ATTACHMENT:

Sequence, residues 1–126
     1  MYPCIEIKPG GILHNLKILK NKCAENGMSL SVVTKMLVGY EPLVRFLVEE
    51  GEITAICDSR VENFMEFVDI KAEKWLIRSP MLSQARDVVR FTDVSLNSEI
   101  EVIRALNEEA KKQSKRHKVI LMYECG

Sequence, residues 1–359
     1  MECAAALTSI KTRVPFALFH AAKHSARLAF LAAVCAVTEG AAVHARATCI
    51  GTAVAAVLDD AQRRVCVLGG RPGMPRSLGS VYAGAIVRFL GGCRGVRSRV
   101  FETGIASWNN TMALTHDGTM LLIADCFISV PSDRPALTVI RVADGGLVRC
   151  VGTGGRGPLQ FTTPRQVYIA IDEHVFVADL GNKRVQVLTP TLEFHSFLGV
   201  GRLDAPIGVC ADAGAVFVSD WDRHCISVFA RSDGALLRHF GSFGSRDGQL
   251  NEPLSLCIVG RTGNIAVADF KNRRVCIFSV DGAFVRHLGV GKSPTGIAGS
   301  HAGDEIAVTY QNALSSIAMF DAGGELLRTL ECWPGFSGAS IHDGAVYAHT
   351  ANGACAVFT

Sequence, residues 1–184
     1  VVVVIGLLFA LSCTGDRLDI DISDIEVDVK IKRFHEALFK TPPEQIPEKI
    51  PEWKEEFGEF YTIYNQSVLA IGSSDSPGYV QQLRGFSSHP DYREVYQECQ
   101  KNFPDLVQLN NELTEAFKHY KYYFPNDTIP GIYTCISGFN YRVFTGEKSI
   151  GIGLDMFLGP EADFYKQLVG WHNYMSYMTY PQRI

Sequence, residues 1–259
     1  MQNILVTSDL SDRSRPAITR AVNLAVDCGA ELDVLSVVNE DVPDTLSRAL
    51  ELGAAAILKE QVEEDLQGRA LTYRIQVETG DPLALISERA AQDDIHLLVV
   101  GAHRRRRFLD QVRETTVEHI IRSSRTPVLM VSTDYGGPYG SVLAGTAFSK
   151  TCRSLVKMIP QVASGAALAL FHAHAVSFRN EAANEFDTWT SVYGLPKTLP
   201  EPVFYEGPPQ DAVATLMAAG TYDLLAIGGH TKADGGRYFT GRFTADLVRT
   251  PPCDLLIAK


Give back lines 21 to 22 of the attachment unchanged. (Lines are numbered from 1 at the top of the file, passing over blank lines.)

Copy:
    51  ELGAAAILKE QVEEDLQGRA LTYRIQVETG DPLALISERA AQDDIHLLVV
   101  GAHRRRRFLD QVRETTVEHI IRSSRTPVLM VSTDYGGPYG SVLAGTAFSK